The current President of the United States also subscribes to the zero-sum, fixed-amount-of-money view of business. This is really strange considering he put his name on a book called The Art of the Deal, but it's clearly true. Trump does not believe in win/win propositions. He sees the world as win/lose. It explains a lot of his business behavior, and a lot of his business setbacks. It explains, most of all, why most large New York banks will no longer lend him money. Donald Trump does not actually think about business like a businessman. He thinks about business like a con man.

His obsession with trade deficits is pure zero-sum. If you think of there being a fixed amount of trade in the world, a fixed amount of value to pass back and forth, then deficits and surpluses are all that matter. More money is going out than is coming in! Disaster! But if you think of trade as a pie that continues to grow, letting America keep taking more slices even if it runs a deficit with this country or that, then trade deficits aren't the whole story. You want there to be more international trade, not less, because you want that pie to keep growing. Trump imagines a pie whose size is fixed by immutable law, which can never get larger (wrong) or smaller (dangerously wrong), and he's fixated on trying to get a bigger slice than the next guy. And the next guy turns out to be Canada.

(Now, free trade has its problems, because it isn't just about both countries doing well. You need to take care of displaced workers inside your own country, and we haven't. But Trump is never going to fix that, because his zero-sum attitude applies to the working class, too. For the poor to do better, Trump assumes, the rich would have to do worse, in exactly the same amount, and he has no interest in that at all.)

So, Trump is going to the G-7 summit with our six most important economic allies (and not just economic allies) enraged with him. This, to a reasonable businessman, would seem bad for business. To Trump, it's good. Because in Trump's zero-sum, you-can-only-win-what-others lose world view, there are no actual allies. How could there be? If everything you gain comes out of their pocket, and everything they gain comes out of your pocket, no one can actually ever be your friend. This is stupid and short-sighted, but well. There we are.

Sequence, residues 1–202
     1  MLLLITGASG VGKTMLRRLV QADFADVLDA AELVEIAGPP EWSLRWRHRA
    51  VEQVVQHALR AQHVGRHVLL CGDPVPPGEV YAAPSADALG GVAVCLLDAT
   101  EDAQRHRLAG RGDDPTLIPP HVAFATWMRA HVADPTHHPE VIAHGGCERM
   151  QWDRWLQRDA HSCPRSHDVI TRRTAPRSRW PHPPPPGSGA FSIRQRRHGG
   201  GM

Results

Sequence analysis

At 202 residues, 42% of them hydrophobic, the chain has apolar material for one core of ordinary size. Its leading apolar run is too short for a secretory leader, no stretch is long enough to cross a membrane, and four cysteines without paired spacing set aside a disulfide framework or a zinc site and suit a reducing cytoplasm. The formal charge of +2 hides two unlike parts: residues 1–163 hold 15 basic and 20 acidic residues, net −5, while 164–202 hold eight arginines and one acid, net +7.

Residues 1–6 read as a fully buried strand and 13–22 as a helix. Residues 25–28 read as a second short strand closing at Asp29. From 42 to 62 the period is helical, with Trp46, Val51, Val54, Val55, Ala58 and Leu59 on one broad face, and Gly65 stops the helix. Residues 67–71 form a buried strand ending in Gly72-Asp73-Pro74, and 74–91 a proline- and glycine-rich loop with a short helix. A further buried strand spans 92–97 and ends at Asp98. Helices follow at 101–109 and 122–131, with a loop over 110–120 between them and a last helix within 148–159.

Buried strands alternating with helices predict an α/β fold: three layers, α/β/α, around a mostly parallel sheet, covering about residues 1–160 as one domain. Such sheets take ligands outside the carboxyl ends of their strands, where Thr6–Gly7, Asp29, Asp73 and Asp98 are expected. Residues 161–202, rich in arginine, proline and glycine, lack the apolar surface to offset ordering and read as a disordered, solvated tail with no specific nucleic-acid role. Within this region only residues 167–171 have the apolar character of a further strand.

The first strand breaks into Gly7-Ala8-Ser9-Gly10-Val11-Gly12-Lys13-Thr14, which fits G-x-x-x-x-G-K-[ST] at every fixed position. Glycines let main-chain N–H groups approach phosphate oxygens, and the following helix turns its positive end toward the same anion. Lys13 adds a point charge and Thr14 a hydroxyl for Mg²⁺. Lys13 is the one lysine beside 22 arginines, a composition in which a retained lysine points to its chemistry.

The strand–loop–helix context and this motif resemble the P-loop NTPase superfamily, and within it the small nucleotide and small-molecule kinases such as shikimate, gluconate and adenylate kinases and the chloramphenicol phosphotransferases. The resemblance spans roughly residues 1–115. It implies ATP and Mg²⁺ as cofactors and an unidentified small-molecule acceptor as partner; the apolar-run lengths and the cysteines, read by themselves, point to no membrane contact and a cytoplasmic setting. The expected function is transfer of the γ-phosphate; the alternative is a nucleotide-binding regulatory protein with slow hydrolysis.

Trump is incapable of understanding that our trade relationship with, say, France, could ever be good for both the US and France. That our trade relationship with France actually has been good for both the US and France, for more than seventy years, does not matter in this calculation. It doesn't matter to Trump that something is obviously true, because he doesn't see how it could be true, so it must not be. Are you trying to play him for a sucker?

Multiply this mistake by six, then by a hundred. Trump misunderstands every single one of our trade alliances. All of them. He sees all of our long, mutually-profitable relationships as just so many people with their hands in our pockets, which is why he hates our allies and lavishes praise on our enemies. We don't have trade deal with our enemies, so they're not taking advantage of us like, say, Canada. Trump is on the road to a pointless destructive trade war because he doesn't actually believe in capitalism. He doesn't believe in economic growth. He thinks all of that is a cover story, a scam. He does not view the world in capitalist terms. He views the world like one of the small-time mill-town bookies of my youth.

Sad to say, my retired bookie friends, much as I loved them, would probably have screwed up the G-7, too. They just could not think big enough. But to give them their due, they would never have lost money running a casino.

cross-posted from, and all comments welcome at, Dagblog

Tuesday, April 10, 2018

Don Corleone's Guide to Attorney-Client Privilege